I mean, if your character is blind, that sort of makes you immune to the gaze of a basilisk, medusa, and possibly the charming ability of vampires. But it pretty much also means you're not going dungeon delving, so what's the point? I suppose you could play a blind linkboy or something who has memorized a particular path; wouldn't need to waste torches unless you're walking with someone.

If you're playing in a supers game and can be Daredevil, being blind isn't even an inconvenience, it's just a feature. Blindness is a -50 in GURPS, and even then that seems pretty underpriced, but if you have "Eyes don't work, but I can basically visualize the world in greater detail than any normal human", that's a -1 Quick and probably 20-30 points of Advantages. Makes sense for Daredevil, but if you just have the -50 disadvantage, you better be the best Bard in existence.

RE: "cool uses for disabilities", how would that even work? I know a guy who got his leg blown off in Afghanistan, it was funny as hell when he'd pull off the prosthetic and freak someone out. I don't think that has much of a purpose in the context of an RPG, though.

Eric Diaz

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« Reply #8 on: February 24, 2020, 01:34:27 pm »
In D&D 5e (and other D&ds, probably), it would be easy to give a PC blind-sight 60 feet in exchange of blindness. Even if the PC could fight normally, his range and perception would be limited... Seems balanced and interesting, IMO, since some monsters work like this already.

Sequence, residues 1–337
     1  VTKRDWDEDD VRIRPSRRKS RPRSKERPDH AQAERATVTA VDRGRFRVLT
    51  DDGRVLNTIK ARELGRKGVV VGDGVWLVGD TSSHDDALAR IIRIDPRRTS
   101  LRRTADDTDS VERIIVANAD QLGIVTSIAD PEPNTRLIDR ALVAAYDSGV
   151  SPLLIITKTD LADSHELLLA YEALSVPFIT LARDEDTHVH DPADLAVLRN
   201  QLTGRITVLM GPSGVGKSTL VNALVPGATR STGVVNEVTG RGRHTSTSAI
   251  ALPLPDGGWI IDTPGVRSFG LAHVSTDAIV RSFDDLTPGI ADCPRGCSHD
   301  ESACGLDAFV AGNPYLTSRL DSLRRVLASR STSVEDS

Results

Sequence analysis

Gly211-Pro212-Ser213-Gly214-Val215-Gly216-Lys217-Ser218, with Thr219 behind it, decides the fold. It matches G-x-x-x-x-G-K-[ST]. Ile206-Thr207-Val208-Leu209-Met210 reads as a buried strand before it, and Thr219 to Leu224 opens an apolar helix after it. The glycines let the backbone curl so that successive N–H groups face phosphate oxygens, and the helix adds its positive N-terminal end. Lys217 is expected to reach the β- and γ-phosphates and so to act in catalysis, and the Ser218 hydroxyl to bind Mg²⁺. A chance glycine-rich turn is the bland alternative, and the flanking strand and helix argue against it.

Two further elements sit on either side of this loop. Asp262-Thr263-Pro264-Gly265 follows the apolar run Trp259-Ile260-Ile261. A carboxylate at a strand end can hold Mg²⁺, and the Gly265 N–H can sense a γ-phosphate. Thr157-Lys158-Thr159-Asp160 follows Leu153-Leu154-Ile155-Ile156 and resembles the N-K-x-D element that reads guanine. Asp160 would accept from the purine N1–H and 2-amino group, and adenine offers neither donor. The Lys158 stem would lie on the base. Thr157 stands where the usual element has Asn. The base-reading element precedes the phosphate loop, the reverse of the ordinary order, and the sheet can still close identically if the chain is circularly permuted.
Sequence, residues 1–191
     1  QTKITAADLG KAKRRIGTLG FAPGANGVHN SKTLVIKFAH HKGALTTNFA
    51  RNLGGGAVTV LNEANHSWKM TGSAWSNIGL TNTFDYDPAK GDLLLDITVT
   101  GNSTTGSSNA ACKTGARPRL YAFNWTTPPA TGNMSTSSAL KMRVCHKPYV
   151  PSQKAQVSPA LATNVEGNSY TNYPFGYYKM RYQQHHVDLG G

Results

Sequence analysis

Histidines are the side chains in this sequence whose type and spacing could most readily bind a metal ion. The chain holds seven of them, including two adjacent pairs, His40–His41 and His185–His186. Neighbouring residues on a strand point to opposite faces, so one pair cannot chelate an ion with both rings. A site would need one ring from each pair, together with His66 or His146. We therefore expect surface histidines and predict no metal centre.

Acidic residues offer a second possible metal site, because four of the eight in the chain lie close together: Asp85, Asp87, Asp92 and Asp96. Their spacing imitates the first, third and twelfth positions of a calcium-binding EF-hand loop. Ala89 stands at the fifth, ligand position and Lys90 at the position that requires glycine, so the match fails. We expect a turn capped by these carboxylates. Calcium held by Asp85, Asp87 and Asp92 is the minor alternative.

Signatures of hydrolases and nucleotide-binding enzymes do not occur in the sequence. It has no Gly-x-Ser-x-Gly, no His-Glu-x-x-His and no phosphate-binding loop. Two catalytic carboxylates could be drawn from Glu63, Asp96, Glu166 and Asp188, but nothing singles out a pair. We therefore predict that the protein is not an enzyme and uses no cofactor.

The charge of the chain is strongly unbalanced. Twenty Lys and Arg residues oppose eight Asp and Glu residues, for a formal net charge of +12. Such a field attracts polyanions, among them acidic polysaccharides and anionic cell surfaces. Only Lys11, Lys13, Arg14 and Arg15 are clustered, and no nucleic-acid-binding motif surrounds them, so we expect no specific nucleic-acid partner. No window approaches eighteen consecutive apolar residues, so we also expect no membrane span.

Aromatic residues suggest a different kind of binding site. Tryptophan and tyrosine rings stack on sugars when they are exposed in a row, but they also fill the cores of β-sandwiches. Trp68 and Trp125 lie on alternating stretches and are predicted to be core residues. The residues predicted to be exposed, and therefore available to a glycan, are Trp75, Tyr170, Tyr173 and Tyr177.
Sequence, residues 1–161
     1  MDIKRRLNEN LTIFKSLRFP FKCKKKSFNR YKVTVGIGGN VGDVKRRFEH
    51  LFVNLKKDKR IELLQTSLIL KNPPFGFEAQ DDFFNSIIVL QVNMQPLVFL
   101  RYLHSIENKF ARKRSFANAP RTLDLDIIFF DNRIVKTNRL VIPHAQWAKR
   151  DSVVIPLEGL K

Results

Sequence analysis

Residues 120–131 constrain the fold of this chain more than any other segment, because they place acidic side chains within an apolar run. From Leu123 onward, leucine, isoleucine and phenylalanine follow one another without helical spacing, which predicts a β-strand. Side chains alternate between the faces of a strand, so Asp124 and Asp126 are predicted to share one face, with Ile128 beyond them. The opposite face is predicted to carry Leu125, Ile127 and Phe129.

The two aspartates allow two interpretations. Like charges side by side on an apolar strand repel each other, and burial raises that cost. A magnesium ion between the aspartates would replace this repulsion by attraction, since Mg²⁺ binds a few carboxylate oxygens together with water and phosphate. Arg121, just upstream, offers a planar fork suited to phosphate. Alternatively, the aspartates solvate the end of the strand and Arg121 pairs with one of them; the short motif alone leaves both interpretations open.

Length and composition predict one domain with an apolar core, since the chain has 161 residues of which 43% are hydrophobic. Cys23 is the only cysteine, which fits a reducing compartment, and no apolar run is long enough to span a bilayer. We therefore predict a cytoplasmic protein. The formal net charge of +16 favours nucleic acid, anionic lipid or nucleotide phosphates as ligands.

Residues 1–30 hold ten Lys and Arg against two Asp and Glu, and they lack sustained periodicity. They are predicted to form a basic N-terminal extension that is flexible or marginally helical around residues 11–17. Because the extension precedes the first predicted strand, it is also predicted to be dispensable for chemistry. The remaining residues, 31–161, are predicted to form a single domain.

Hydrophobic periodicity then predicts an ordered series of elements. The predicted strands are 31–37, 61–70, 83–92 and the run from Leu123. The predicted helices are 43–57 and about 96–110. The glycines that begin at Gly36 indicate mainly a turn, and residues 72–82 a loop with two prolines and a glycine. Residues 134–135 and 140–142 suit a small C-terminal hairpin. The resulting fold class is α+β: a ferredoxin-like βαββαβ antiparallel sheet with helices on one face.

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« Reply #9 on: February 24, 2020, 01:37:45 pm »
Quote from: Brad;1122912
I mean, if your character is blind, that sort of makes you immune to the gaze of a basilisk, medusa, and possibly the charming ability of vampires. But it pretty much also means you're not going dungeon delving, so what's the point? I suppose you could play a blind linkboy or something who has memorized a particular path; wouldn't need to waste torches unless you're walking with someone.

If you're playing in a supers game and can be Daredevil, being blind isn't even an inconvenience, it's just a feature. Blindness is a -50 in GURPS, and even then that seems pretty underpriced, but if you have "Eyes don't work, but I can basically visualize the world in greater detail than any normal human", that's a -1 Quick and probably 20-30 points of Advantages. Makes sense for Daredevil, but if you just have the -50 disadvantage, you better be the best Bard in existence.

RE: "cool uses for disabilities", how would that even work? I know a guy who got his leg blown off in Afghanistan, it was funny as hell when he'd pull off the prosthetic and freak someone out. I don't think that has much of a purpose in the context of an RPG, though.